Over the past month the 2015 trend line has been dropping faster than all other years before 2010, and so, as of the end of May, 2015 has less ice volume-wise than all the other years preceding the post-2010 era. Going from 399 km3 more ice than 2007, for instance, at the end of April, to 395 km3 less ice now.
On the other hand, big droppers like 2010 and 2012 have increased their lead over this second rebound year, and the latter now has almost 2000 km3 less ice than 2015, just like 2011. The difference with 2013 has gone down 240 km3 to 998 km3 more ice now, and the difference with 2014 has increased with 82 km3 to 1208 km3.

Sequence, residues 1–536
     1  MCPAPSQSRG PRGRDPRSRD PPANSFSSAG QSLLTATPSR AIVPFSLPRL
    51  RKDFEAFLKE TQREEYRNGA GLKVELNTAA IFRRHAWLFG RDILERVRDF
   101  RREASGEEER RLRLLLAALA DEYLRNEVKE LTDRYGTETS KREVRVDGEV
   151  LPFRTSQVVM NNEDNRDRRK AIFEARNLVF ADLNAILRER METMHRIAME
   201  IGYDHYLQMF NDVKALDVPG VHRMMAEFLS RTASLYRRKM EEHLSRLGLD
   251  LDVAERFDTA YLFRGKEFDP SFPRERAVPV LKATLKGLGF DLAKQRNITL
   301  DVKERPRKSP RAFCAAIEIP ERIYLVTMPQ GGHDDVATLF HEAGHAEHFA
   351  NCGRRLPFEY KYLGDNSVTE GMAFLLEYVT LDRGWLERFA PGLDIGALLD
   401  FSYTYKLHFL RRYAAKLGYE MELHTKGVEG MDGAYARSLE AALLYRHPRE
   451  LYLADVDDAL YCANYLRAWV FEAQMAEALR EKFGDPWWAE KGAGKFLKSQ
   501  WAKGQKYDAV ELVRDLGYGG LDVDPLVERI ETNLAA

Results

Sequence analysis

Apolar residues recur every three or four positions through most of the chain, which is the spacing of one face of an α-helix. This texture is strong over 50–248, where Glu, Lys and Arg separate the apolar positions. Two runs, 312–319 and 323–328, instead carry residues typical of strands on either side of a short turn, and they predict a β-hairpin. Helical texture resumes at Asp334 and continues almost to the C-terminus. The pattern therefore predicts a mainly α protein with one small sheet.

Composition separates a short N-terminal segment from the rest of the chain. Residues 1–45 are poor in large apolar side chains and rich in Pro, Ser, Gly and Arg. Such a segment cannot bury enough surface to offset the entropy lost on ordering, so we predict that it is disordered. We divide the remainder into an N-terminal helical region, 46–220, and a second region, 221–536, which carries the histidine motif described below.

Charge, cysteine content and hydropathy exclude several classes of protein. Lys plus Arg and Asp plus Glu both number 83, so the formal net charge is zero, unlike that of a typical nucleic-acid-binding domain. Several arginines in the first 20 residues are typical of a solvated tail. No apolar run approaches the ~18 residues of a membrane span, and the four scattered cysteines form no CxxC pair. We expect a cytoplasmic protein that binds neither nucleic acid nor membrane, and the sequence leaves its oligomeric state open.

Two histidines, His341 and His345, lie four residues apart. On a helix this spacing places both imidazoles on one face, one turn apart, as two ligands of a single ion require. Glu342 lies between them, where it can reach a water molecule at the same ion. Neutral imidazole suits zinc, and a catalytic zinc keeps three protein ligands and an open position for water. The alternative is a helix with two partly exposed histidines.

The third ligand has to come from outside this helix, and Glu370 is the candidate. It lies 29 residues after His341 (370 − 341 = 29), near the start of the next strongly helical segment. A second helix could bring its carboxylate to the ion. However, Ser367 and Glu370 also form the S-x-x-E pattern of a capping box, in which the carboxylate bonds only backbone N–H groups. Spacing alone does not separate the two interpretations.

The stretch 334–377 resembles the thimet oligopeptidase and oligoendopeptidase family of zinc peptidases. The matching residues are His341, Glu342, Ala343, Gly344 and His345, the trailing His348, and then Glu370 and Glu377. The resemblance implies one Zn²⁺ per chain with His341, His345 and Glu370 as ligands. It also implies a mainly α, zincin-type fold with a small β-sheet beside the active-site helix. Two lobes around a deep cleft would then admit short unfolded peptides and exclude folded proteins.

All the differences are more clearly visible on Wipneus' PIOMAS volume graph:
All of this doesn't come as a surprise. Despite the early attack on the multi-year ice in the Beaufort and Chukchi Seas (see ASI 2015 update 1), much of the Arctic was pretty cold for much of May (see for instance the DMI 80N temp graph).
Based on gridded data, Wipneus produced this great map showing the difference with last month, red being the areas where ice has grown or thinned less: